As published in The Providence Sunday Journal, March 17, 2019. Above, poster for St. Joseph’s Day on Federal Hill in 1977.
Two Christian saints rub shoulders on the calendar this month, just as the Irish- and Italian-Americans did in the Providence neighborhood where I grew up in the 1970s.
Whether your last name was Reilly or Riccio, most kids in Elmhurst wore green to school on March 17 in honor of St. Patrick, the patron saint of Ireland. And then, two days later, many of us showed up garbed in red to celebrate the Feast of St. Joseph, whose intercessions were believed to have once saved Sicily from a severe drought.
What else do we know about Patrick and Joseph, and why are their respective feast days so beloved in these parts?
Details on both saints are sketchy, but of this we can be certain: Patrick was not Irish. Born in Britain when it was under Roman rule, he came to Ireland as a Christian missionary in the fifth century.
Patrick is said to have used the three leaves of the shamrock to explain the Holy Trinity to Ireland’s druids and pagans. And legend has it he drove the snakes from the Emerald Isle, just as God had banished the serpent from the Garden of Eden. (For those keeping score at home, herpetologists tell us that Ireland has actually never been home to snakes.) March 17 is generally accepted as the date of Patrick’s death; hence, the timing of his feast day.
Interestingly, the first recorded St. Patrick’s Day parade was held not in Dublin or Galway, but in New York City in 1762 when Irish soldiers serving in the English army marched to honor their Catholic saint. Today, up to two million spectators gather for the festivities along Fifth Avenue. Closer to home, as many as 50,000 people trek to Newport’s annual parade, now in its 63rd year.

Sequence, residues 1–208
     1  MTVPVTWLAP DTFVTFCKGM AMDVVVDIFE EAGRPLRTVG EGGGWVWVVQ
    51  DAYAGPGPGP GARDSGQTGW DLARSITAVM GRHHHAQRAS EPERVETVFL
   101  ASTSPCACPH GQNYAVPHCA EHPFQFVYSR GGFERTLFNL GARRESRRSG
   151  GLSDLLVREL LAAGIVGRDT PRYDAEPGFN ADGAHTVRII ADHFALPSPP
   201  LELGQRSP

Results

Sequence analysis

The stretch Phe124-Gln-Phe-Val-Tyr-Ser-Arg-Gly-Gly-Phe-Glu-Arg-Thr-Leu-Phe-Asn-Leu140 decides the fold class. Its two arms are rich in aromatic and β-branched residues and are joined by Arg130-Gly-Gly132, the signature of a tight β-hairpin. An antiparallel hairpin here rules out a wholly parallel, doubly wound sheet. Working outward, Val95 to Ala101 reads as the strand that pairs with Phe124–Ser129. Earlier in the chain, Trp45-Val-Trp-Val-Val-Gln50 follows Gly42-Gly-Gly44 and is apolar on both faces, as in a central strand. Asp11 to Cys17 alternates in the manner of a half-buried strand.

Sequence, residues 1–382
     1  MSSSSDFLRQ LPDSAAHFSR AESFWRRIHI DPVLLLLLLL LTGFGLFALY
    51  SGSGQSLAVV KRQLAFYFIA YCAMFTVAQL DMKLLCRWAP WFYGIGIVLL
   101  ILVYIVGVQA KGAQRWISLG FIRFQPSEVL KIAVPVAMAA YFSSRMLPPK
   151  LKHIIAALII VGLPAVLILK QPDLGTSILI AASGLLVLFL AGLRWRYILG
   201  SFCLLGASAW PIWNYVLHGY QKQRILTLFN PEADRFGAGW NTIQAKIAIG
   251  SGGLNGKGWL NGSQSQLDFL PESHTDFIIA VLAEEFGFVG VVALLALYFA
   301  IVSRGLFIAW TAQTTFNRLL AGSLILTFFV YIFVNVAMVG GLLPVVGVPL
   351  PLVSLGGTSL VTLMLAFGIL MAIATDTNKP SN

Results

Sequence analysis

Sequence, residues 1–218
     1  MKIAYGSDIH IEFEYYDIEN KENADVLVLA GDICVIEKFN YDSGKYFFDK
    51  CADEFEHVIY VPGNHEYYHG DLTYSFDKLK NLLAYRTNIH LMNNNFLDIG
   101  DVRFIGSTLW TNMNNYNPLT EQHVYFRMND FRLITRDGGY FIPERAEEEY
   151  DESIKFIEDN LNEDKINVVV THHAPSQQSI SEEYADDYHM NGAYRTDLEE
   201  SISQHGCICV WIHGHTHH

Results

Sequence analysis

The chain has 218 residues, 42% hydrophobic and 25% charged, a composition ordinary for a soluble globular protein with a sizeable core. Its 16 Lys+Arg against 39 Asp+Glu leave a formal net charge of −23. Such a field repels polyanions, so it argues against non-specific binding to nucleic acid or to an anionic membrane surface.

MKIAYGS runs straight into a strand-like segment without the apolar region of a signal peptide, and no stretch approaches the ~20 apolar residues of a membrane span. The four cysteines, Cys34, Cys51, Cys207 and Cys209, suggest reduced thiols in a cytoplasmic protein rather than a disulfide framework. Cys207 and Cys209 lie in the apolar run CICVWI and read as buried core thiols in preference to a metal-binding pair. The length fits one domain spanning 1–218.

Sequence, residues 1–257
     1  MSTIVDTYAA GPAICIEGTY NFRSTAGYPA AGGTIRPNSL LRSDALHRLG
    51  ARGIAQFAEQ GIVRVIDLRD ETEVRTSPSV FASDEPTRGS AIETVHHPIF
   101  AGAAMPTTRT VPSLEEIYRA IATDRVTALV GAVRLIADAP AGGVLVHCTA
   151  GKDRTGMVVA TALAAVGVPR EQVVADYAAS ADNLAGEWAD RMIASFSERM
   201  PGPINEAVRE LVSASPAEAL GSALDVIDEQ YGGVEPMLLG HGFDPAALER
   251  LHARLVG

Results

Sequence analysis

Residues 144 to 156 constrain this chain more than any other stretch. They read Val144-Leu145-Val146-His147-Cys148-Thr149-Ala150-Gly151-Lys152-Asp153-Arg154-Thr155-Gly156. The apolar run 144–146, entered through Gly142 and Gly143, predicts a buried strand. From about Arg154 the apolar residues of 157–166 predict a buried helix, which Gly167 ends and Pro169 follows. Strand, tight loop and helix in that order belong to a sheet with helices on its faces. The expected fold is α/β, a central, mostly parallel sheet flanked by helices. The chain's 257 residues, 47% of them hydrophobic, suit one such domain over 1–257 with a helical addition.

Joseph, husband of Mary, the mother of Jesus, is the patron saint of Sicily. According to legend, he responded to Sicilian prayers during a severe drought in the Middle Ages. The rain came, a famine was avoided, and grateful believers honored Joseph with feasting and celebration, thus starting a tradition that continues throughout the world to this day.
In the late 19th century, Sicilian immigrants came to the United States largely through the port of New Orleans, and they brought their St. Joseph’s Day traditions with them. Soon parades honoring the saint were annual springtime events in the French Quarter. This year’s procession will take place on March 23, with marchers handing out silk flowers and fava beans, which is the crop that saved Sicilians from starvation during their historic drought.
Other cities in the United States with large Italian-American populations are known for their St. Joseph’s Day celebrations, as well, including New York, Syracuse, Hoboken, and, of course, Providence.
I was fortunate to have been behind-the-scenes for the St. Joseph’s Day festivities on Federal Hill in the mid-1970s after Atwells Avenue had been given a dramatic facelift. Decorative streetlamps now stood sentry over wide brick sidewalks, and a massive archway greeted visitors at the east end of the busy retail thoroughfare.
At home, my mother, who was secretary of the Federal Hill Businessmen’s Association, laid out silk sashes on our living room couch, to be worn by the politicians and dignitaries who would march in the parade. One year, my older brother’s roommate at the Rhode Island School of Design created the poster for the event. Fancy green type stood out against a screened archive photo of a marching band: Festa di San Giuseppe, March 19, 1977.
The weather was chilly that day, with the temperature only in the low 40s, but the freshly painted red-white-and-green traffic stripe in the middle of Atwells Avenue gleamed in the sun as thousands made their pilgrimage to the Hill.
Happy St. Patrick’s Day! And, as corned beef and Guinness give way to zeppole and sambuca, Happy St. Joseph’s Day, too!